What happens to many people as they approach their senior years?
Some find that they are no longer wanted by their employers and find themselves laid off for reasons other than their age, when of course, age is the real reason. Why? For two reasons.
Older employees usually are paid at higher rates. Secondly, the costs to employers for their health plans is often based upon claims made the prior year and face it, older people usually have more health issues and needs than younger employees. Hence, it is cheaper for employers to lay off older workers and hire younger workers to take their place.
Not only do these older workers lose their income, but they also lose their healthcare plans. Those who are 65, have no alternative but to rely on Medicare parts A & B for their sole insurance needs.
Then there are many other seniors who find that when they retire, they find out that they cannot afford to purchase private healthcare coverage, leaving them relying on Medicare parts A & B.
Just a quick personal note – many of us seniors have been paying into Medicare for 30-40 or more years and then when we apply for Medicare benefits, we find out that we still have to continue to pay a monthly fee to use what we’ve paid into for most of our working lives.
Anyway, back to Medicare parts A & B.
According to Medicare.gov:
Part B covers 2 types of services
- Medically necessary services: Services or supplies that are needed to diagnose or treat your medical condition and that meet accepted standards of medical practice.
- Preventive services: Health care to prevent illness (like the flu) or detect it at an early stage, when treatment is most likely to work best.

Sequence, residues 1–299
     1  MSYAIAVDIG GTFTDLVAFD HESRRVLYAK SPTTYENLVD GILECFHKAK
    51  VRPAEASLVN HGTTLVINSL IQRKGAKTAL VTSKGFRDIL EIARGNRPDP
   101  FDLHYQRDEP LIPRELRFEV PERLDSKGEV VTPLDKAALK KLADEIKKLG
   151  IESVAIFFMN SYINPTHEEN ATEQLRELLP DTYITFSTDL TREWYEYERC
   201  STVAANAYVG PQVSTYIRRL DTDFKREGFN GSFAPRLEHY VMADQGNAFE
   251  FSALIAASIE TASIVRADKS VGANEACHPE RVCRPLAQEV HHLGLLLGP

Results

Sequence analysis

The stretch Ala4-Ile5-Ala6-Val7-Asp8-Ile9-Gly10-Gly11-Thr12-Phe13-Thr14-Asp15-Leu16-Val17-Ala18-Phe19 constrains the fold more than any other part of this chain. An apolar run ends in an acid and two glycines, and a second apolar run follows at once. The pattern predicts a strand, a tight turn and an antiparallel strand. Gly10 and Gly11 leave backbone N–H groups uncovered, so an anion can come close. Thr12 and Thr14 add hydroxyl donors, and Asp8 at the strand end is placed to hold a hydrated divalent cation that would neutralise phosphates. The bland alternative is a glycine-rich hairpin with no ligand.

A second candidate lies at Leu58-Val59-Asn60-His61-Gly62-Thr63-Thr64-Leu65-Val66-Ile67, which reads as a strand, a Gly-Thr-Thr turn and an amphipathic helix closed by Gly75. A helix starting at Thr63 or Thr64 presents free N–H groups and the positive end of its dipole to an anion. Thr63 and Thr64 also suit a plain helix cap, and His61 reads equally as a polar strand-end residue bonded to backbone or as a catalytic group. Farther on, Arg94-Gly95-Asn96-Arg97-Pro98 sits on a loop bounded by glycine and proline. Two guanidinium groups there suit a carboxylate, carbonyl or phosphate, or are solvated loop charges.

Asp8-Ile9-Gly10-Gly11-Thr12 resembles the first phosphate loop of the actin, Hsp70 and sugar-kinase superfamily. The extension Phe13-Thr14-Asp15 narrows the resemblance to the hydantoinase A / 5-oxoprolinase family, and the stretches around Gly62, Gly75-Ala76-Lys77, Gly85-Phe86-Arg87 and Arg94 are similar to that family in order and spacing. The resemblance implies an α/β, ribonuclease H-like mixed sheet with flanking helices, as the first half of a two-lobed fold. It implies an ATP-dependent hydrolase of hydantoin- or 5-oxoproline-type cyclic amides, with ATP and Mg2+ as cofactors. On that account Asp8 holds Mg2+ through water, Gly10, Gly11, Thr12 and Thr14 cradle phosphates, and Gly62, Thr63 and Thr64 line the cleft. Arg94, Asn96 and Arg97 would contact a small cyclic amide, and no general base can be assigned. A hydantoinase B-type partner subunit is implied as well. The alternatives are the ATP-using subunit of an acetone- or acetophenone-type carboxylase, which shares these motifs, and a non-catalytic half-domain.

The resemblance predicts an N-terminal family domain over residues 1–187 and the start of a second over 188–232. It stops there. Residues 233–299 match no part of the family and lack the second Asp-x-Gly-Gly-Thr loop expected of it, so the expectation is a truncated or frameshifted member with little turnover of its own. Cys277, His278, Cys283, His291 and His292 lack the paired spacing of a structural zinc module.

You pay nothing for most preventive services if you get the services from a health care provider who accepts assignment.
Sounds good, doesn’t it?
Would you consider an annual physical as medically necessary and/or preventive? Considering that at our age, virtually everyone is telling us to have this, that and the other checked out regularly, one would think that this would be part of those annual physicals, but that’s not necessarily the case as reported:
“When Beverly Dunn called her new primary care doctor’s office last November to schedule an annual checkup, she assumed her Medicare coverage would pick up most of the tab.”
“The appointment seemed like a routine physical, and she was pleased that the doctor spent a lot of time with her.”
“Until she got the bill: $400.”
“Dunn, 69, called the doctor’s office assuming there was a billing error. But it was no mistake, she was told. Medicare does not cover an annual physical exam.”
“Dunn, of Austin, Texas, was tripped up by Medicare’s confusing coverage rules. Federal law prohibits the health care program from paying for annual physicals, and patients who get them may be on the hook for the entire amount. But beneficiaries pay nothing for an ‘annual wellness visit,’ which the program covers in full as a preventive service.”
If you are one of us who are relying on Medicare to cover you regular annual physical, consider yourself warned. Call the doctor’s office or Medicare first to see if you are covered or not before making that appointment. Otherwise, be prepared to get a big doctor bill like Beverly Dunn.